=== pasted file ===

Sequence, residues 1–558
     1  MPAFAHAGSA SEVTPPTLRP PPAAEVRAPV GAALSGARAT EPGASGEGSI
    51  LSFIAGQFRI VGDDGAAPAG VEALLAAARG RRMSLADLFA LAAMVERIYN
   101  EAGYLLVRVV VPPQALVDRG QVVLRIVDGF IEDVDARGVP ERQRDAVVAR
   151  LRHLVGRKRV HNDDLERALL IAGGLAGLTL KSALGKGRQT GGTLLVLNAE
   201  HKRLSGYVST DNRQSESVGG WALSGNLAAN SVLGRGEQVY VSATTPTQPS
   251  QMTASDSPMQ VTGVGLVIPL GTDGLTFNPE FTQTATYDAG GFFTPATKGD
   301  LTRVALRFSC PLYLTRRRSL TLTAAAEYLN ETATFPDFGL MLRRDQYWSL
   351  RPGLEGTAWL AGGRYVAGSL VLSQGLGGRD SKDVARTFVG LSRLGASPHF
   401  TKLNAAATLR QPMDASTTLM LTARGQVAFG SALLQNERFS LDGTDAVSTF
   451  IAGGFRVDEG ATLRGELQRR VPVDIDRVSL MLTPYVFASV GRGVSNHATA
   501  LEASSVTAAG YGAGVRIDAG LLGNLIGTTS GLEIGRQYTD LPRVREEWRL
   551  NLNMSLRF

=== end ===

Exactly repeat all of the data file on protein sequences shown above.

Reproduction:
Sequence, residues 1–558
     1  MPAFAHAGSA SEVTPPTLRP PPAAEVRAPV GAALSGARAT EPGASGEGSI
    51  LSFIAGQFRI VGDDGAAPAG VEALLAAARG RRMSLADLFA LAAMVERIYN
   101  EAGYLLVRVV VPPQALVDRG QVVLRIVDGF IEDVDARGVP ERQRDAVVAR
   151  LRHLVGRKRV HNDDLERALL IAGGLAGLTL KSALGKGRQT GGTLLVLNAE
   201  HKRLSGYVST DNRQSESVGG WALSGNLAAN SVLGRGEQVY VSATTPTQPS
   251  QMTASDSPMQ VTGVGLVIPL GTDGLTFNPE FTQTATYDAG GFFTPATKGD
   301  LTRVALRFSC PLYLTRRRSL TLTAAAEYLN ETATFPDFGL MLRRDQYWSL
   351  RPGLEGTAWL AGGRYVAGSL VLSQGLGGRD SKDVARTFVG LSRLGASPHF
   401  TKLNAAATLR QPMDASTTLM LTARGQVAFG SALLQNERFS LDGTDAVSTF
   451  IAGGFRVDEG ATLRGELQRR VPVDIDRVSL MLTPYVFASV GRGVSNHATA
   501  LEASSVTAAG YGAGVRIDAG LLGNLIGTTS GLEIGRQYTD LPRVREEWRL
   551  NLNMSLRF